2.2.1 Impact curves interpretation

 Force-time diagram.

The contact force is the response of the laminate to the force applied by the impactor [5], see Fig. 2. Contact force histories are registered and represented in the force-time diagram. Several smooth fluctuations in the curve indicate the presence of damage [6] whereas the first abrupt drop in the curve corresponds with the delamination initiation when the stiffness of the laminate falls suddenly because of the impact damage [7]. The maximum force value in the diagram is named peak force and indicates the highest damage caused [8]. After that point, the curve presents a lower slope as a result of a strength decrease.

It should be noted that the delamination threshold ceases to be evident in the curve when the impact energy exceeds certain value and different failure modes occur at the same time in the specimen [7].

Captura de pantalla 2022-09-05 194606.png
Figure 2. Force-time diagram [(0/90)6]s (Energy: 30 J).

 Absorbed energy-time diagram.

The absorbed energy can be defined as the value of energy transferred from the impactor to the laminate at the end of the test and corresponds with the last value of energy registered.

Generally, the impact energy is absorbed in two different ways in a composite material: as elastic deformation and as dissipated energy in form of permanent damage. At the beginning of the test, the energy curve rises until its maximum value which is connected to the impact energy. Once the absorbed energy-time curve reaches the maximum value, two different performances are possible:

a) The absorbed energy by the laminate coincides with the impact energy which means that all the kinetic energy has been transferred from the impactor to the specimen but without penetration. This behavior can be observed in the curve for the 8-ply laminate in Fig. 3.

Captura de pantalla 2022-09-05 195455.png
Figure 3. Absorbed energy-time diagram [(0/90)n]s (n=2, 3, 6), (30 J).

b) If there is no penetration in the material, the energy decreases until it becomes stable. The value of energy at the end of the test corresponds to the permanent absorbed energy through various damage mechanisms as delamination, matrix cracking or fiber breakage [9]. The difference between the impact energy and the absorbed energy is named excessive energy and it is the responsible for the impactor rebound [10]. In other words, the excessive energy produces elastic deformation in the laminate. This is the case for the 16-ply and 24-ply laminates in Fig. 3.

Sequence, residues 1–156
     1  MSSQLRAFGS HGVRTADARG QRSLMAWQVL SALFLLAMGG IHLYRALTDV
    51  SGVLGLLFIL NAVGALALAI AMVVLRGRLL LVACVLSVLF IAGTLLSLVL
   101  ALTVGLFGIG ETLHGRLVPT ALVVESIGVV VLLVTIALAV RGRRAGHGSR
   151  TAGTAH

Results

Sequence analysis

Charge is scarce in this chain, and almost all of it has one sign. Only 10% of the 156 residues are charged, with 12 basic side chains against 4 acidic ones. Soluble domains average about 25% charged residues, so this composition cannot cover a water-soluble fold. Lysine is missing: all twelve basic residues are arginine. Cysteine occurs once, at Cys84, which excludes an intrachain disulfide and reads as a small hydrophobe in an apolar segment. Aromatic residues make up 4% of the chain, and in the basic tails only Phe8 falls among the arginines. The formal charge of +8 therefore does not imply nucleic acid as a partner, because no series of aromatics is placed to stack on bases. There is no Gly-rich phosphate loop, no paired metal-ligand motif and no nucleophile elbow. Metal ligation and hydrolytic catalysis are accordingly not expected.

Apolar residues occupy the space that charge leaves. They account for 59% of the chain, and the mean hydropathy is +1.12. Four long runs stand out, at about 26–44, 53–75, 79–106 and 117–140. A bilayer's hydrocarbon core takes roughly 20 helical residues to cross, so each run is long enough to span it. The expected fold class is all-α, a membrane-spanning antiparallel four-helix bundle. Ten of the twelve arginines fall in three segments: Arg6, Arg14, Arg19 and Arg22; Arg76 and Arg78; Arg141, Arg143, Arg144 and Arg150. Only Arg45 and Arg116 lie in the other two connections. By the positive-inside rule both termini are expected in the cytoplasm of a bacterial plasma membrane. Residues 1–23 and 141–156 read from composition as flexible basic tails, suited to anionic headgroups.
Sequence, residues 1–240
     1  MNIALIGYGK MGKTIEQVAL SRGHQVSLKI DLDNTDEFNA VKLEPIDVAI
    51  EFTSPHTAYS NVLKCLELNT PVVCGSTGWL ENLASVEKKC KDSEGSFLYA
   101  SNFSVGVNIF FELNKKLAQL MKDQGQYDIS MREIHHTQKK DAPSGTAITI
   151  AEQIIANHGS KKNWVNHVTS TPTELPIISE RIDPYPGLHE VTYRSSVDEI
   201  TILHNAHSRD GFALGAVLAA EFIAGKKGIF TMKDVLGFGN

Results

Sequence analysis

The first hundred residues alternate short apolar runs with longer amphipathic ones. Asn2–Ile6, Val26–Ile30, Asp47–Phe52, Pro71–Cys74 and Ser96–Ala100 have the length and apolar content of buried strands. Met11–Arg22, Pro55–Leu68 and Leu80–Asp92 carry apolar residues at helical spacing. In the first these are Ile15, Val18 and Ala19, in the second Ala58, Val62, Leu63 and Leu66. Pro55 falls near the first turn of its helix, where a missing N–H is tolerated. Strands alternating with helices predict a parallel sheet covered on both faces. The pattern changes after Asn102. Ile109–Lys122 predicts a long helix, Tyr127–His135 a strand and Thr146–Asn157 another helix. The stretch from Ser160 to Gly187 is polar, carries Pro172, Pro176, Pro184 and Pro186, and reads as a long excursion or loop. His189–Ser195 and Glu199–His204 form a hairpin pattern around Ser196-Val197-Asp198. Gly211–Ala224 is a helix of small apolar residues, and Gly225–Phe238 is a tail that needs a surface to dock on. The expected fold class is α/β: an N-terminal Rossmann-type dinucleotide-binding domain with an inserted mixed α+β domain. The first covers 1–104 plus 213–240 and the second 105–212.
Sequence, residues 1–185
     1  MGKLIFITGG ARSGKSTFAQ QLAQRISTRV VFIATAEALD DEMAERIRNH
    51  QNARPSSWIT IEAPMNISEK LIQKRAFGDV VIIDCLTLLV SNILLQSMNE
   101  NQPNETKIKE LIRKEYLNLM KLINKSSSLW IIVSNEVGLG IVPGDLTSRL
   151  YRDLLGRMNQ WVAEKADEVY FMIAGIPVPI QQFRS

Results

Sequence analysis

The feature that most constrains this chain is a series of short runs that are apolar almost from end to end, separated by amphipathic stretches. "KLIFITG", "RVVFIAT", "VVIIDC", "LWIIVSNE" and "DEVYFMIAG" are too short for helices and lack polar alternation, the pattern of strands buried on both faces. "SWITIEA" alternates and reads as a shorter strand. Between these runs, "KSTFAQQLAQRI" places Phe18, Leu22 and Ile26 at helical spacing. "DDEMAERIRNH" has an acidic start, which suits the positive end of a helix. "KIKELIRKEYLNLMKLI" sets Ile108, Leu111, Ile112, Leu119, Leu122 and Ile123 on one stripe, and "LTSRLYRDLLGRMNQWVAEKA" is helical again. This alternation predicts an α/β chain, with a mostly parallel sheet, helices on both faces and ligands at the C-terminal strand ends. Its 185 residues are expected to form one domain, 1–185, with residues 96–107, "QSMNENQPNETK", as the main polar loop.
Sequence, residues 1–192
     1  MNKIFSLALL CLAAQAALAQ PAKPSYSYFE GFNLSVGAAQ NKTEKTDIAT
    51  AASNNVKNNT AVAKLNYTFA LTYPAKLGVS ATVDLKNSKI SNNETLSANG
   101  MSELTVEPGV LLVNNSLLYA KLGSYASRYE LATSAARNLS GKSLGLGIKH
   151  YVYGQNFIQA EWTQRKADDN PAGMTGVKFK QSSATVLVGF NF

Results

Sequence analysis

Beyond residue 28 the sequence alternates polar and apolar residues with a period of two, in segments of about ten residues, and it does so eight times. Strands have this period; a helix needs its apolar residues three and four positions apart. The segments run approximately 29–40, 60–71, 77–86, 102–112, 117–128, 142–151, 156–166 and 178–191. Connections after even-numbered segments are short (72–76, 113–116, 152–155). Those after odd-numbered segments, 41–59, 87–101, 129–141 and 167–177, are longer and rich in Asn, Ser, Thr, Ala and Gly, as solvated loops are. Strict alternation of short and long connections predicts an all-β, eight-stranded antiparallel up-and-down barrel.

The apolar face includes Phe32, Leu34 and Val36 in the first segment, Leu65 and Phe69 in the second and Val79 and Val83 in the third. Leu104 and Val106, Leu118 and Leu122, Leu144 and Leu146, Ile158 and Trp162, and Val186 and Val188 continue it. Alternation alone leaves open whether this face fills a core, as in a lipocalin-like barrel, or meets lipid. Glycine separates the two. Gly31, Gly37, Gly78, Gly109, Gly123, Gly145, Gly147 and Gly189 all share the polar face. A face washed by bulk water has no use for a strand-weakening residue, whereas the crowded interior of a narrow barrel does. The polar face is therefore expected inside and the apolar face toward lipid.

In the case that penetration occurs, the curve of energy performs in a different way. The penetration energy is located at the point where the curve remains almost constant in the force-time diagram but the energy increases with a constant rate as a result of the friction between the impactor and the perforation edges. A typical absorbed energy-time curve with penetration for a [0/90]2s laminate is presented in Fig. 4.

Captura de pantalla 2022-09-05 195553.png
Figure 4. Abs. energy-time diagram with perforation [(0/90)2]s (50 J).

 Force-displacement diagram.

The force-displacement diagram shows the laminate’s stiffness through the slope of the curve. Thereby a higher rigidity implies a steeper slope and a minor displacement of the material during the test [11].

Fig. 5 represents three typical force-displacement curves encountered in an impact event. The first part of the curve is linear and represents the stiffness of the non-damaged laminate. The second part of the curve can perform in two different ways resulting in closed and open type curves, respectively. Open type force-displacement curves have a horizontal section at the end due to damage perforation in the specimens. 8-ply laminate in Fig. 5 shows an open force-displacement curve. In contrast, for specimens having rebounding there is an elastic recovery because the impact energy is unable to cause perforation and both, force and displacement decrease resulting in closed curves in which the enclosed areas represent the absorbed energy [12]. 16-ply and 24-ply laminates in Fig. 5 show closed force-displacement curve.